This is, at least in part, what digital humanities aims to explore, though scholars Quinn Dombrowski and Liz Grumbach say a complete definition is evasive. “If we put it in our own words then as many people will disagree as agree,” laughs Dombrowski, who works in the department of literatures, cultures, and languages at Stanford.
Grumbach, who leads the Digital Humanities Initiative at Arizona State University, obligingly gives it her best shot. “What I usually say is that it is either using digital tools to explore something that humanists would research or it is using humanities methodologies to explore the digital… or it is both at the same time. And when it’s both at the same time is when it’s really, really cool.”
The two have been running a series of lightning talks where other scholars in the digital humanities have been invited to speak from within Dombrowski’s Animal Crossing island. Attendees can either visit in the game or watch on Twitch. Though the talks typically aren’t about Animal Crossing itself, they have some insight into why it might have become so popular especially during the early months of the pandemic.
“I think what Animal Crossing does so well is that it captures the feeling of travel in a time where we cannot travel to see the people that we care about,” says Grumbach. She and Dombrowski are old friends, and they discovered that playing Animal Crossing “feels like we’re hanging out,” in a way that’s more personable than a voice or video call, or even other virtual spaces that try to simulate physical ones, like Gather. The island setting helps; Grumbach calls it a “really joyful environment.”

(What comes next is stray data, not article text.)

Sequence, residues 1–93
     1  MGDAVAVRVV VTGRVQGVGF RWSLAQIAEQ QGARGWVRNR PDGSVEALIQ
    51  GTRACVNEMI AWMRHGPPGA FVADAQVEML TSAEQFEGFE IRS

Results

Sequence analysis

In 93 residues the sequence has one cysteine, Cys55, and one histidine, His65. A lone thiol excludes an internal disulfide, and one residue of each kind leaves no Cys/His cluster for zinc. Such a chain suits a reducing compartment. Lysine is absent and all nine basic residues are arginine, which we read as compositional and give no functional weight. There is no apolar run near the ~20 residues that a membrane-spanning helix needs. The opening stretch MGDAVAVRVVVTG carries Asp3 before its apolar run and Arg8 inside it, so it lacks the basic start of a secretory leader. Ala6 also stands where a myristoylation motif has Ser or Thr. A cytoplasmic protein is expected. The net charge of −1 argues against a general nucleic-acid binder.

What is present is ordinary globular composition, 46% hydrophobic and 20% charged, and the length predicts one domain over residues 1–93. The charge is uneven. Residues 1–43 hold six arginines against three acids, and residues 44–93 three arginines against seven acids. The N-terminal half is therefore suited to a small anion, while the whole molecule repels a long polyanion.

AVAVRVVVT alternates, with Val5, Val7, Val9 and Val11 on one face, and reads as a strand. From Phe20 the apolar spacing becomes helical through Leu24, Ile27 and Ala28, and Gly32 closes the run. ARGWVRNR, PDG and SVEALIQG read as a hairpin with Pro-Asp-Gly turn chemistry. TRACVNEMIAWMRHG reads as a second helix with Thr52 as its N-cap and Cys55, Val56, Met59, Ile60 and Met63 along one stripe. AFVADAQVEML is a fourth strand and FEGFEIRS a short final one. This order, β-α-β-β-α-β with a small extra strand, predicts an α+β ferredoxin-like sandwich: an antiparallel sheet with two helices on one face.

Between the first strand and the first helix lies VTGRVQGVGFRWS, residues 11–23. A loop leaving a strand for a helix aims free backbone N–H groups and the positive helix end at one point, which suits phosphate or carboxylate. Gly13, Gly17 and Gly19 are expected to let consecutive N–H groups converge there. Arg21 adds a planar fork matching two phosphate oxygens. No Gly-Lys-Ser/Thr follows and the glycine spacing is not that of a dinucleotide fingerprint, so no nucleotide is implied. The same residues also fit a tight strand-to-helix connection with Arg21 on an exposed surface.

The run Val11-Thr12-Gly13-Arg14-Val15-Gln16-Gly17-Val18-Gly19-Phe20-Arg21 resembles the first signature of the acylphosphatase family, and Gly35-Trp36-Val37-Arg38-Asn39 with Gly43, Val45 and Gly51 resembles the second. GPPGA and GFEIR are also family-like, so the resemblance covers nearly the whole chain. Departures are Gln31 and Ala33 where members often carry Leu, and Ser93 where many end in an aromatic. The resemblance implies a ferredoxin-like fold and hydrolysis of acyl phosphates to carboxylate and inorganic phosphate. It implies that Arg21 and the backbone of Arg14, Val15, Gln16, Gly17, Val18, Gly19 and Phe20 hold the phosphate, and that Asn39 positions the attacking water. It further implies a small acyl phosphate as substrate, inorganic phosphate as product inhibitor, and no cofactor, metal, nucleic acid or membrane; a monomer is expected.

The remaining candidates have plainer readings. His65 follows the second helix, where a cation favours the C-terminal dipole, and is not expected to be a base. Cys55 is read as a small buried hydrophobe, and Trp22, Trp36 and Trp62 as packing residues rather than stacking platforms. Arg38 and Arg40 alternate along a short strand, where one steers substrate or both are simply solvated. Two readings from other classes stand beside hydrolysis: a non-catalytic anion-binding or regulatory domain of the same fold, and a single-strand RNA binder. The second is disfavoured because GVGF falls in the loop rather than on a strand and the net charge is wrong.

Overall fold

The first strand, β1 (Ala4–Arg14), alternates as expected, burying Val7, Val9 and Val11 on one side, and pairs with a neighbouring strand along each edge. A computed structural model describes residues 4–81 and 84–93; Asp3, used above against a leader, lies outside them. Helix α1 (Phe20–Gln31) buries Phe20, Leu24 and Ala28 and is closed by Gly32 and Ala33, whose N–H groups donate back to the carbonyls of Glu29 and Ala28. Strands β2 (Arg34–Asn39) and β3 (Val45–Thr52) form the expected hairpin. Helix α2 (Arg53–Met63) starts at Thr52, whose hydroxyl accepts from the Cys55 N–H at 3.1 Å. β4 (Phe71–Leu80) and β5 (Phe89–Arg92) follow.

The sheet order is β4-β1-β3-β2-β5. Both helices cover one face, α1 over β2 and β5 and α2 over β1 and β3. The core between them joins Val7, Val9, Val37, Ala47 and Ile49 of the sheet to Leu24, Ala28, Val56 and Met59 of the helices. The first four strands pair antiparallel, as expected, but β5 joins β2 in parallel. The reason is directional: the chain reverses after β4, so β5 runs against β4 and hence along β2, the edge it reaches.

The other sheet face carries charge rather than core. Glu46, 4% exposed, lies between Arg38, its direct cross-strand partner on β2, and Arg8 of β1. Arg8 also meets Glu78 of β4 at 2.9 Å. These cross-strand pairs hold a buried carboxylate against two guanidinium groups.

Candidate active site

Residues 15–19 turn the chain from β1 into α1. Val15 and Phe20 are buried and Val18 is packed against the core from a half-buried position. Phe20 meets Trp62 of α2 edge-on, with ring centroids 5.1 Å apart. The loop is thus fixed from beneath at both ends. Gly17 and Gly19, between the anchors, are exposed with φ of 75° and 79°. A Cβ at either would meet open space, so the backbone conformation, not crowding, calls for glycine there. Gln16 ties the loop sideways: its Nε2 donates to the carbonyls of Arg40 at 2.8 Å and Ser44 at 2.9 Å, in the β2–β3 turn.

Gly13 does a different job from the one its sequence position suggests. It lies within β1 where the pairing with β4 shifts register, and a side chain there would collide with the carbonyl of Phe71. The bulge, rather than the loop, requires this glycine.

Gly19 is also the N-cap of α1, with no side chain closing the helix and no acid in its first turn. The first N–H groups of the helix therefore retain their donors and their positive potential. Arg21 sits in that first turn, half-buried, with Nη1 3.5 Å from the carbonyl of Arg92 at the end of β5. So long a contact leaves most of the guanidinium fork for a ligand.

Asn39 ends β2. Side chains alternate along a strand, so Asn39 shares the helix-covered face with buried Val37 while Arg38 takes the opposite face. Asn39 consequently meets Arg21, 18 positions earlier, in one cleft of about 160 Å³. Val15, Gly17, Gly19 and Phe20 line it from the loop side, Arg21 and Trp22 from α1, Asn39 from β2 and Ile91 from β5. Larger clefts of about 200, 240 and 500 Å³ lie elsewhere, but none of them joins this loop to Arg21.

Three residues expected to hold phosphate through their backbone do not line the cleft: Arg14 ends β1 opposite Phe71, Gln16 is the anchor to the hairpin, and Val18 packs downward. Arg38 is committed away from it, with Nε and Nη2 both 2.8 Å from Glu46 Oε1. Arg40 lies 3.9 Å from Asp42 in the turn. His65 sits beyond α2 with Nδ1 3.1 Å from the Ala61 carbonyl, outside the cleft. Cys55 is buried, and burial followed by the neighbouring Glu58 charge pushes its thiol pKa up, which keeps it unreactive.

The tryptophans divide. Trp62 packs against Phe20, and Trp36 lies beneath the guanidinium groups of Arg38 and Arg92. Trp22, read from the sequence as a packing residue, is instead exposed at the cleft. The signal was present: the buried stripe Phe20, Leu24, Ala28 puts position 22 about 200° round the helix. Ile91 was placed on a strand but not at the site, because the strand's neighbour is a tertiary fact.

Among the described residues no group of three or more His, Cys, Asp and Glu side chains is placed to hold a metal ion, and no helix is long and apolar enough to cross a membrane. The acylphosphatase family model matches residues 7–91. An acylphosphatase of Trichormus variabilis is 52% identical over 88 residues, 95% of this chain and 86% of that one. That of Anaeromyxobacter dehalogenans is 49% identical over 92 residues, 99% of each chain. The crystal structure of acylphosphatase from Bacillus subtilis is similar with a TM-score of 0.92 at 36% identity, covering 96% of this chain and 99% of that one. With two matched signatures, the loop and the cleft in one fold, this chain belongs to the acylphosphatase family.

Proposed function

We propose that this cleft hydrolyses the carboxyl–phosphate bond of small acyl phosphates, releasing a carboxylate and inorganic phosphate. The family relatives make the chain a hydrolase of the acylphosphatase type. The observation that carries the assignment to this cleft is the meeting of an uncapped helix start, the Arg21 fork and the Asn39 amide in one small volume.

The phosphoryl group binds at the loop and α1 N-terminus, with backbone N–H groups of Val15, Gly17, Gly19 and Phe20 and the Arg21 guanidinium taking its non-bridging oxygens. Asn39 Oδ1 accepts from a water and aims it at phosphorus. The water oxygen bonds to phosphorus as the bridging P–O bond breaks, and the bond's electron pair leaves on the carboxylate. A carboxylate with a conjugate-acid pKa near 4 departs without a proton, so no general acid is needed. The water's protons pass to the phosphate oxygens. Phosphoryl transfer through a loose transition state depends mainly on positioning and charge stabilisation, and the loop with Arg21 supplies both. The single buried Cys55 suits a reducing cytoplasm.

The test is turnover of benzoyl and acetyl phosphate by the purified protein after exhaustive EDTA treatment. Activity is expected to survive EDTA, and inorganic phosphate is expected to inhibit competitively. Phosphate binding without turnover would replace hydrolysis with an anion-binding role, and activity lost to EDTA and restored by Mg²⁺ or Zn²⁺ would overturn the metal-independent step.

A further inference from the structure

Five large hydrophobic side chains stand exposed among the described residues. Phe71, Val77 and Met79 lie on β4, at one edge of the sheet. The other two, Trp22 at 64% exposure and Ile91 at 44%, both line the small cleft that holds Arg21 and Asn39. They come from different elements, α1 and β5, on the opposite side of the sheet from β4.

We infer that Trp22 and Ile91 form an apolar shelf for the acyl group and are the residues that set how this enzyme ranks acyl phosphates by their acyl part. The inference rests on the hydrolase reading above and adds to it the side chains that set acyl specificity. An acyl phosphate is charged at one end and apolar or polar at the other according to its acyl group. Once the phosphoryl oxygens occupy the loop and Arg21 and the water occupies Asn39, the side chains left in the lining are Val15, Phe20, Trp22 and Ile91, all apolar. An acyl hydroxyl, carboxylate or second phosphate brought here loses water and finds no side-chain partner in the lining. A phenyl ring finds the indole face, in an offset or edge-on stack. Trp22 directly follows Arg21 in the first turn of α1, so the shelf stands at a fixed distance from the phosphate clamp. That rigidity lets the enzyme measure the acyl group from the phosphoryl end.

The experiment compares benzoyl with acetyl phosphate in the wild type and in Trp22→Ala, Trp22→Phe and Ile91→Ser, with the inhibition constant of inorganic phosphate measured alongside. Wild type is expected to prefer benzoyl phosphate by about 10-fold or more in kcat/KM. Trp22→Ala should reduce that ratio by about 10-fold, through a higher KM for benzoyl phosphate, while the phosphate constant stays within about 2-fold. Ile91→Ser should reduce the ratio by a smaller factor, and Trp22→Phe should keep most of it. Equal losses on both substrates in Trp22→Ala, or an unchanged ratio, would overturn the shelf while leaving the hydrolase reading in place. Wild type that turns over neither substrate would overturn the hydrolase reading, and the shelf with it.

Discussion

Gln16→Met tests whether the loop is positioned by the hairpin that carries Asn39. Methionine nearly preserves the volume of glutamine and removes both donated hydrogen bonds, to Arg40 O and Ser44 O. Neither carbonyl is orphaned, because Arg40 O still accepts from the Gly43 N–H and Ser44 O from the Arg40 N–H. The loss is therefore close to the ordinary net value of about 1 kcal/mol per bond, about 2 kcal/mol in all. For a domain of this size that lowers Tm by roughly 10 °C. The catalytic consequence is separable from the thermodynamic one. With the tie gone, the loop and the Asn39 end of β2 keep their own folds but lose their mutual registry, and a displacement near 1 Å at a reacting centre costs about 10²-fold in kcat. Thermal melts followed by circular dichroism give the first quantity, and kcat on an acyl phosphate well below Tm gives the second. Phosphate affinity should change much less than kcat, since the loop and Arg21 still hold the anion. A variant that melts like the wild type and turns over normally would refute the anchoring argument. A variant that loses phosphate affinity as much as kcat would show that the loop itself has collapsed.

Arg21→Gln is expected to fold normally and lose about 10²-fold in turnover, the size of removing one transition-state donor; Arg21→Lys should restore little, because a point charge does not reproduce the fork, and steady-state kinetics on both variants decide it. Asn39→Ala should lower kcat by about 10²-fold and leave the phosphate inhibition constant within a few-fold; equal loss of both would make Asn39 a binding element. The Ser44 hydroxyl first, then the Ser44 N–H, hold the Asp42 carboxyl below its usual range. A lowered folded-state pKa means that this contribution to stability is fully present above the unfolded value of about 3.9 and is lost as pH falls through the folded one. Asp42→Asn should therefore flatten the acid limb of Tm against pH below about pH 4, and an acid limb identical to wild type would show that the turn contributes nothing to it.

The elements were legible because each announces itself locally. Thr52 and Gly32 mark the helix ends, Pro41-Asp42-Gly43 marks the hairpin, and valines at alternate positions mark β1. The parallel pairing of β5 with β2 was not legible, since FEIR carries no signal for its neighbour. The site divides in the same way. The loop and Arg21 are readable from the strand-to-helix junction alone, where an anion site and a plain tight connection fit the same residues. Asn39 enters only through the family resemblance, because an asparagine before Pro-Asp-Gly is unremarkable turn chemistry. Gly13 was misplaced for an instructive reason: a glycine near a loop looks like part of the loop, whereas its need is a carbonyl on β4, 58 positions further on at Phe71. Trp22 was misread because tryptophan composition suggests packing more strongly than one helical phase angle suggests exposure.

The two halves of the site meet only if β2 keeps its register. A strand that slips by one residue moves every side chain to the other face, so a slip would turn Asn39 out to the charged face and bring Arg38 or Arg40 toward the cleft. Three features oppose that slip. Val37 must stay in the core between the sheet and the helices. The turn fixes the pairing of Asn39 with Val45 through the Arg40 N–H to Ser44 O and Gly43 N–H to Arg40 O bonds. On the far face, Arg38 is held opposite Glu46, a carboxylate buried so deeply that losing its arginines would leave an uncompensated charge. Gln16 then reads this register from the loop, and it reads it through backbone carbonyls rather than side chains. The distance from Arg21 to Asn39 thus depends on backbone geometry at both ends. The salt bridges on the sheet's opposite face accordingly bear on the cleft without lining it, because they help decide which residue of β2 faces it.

“Video games are a really difficult topic to exhibit!”
“One of the things that I like about Animal Crossing compared to some of those other platforms is the fact that it’s personal,” adds Dombrowski. “When you go to someone’s island, this is something that they’ve spent a lot of time putting together just the way they like it … and you can water their plants for them, and their physical digital presence is something where they’ve customized the way they look.”
The idea of putting together a COVID archive was a popular one in the digital humanities last March. Though Grumbach and Dombrowski do caution that there are potential ethical considerations around asking people to process these events while simultaneously sharing them for analysis and consumption, the former highlighted Arizona State’s Journal of the Plague Year, and the latter has also written some of their own thoughts about playing New Horizons during the pandemic.
Coming up on the anniversary, museum researchers are beginning to think about what kind of exhibition they’ll put together with the data they’ve gathered. “We tried really, really hard when we opened this project up not to make assumptions about what people would submit, so we haven’t planned the exhibition,” says Roberts. “So that’s a really exciting next stage.”
They’ve been considering themes as submissions roll in, mentioning examples like a recent collection on love they put together for Valentine’s Day, people expressing creativity through filmmaking and comics, as well as how people have formed relationships with the non-playable villagers in the game. And, echoing Dombrowski and Grumbach, they note that many submissions appear to view New Horizons as a specific place in a way that other social games, like Mario Kart, wouldn’t be.
The museum hopes that this will be a springboard for more cultural history projects in the future. “We’re constantly looking at … different ways of exhibiting games history,” says Clarke. “We’re constantly trying to innovate and try new things there because it’s a really interesting topic. Video games are a really difficult topic to exhibit!”
“You just have to think about: what is going to be important to know about this game in 100 years? What is it that we want to keep? And not an easy question to answer,” Lewin says. “But if we want to do a good job of actually preserving video game history, those are the questions we need to be asking.”
“I think it’s imperative to be gathering and collecting all of this stuff now before we’re trying to scramble and find it and pick up the pieces later.”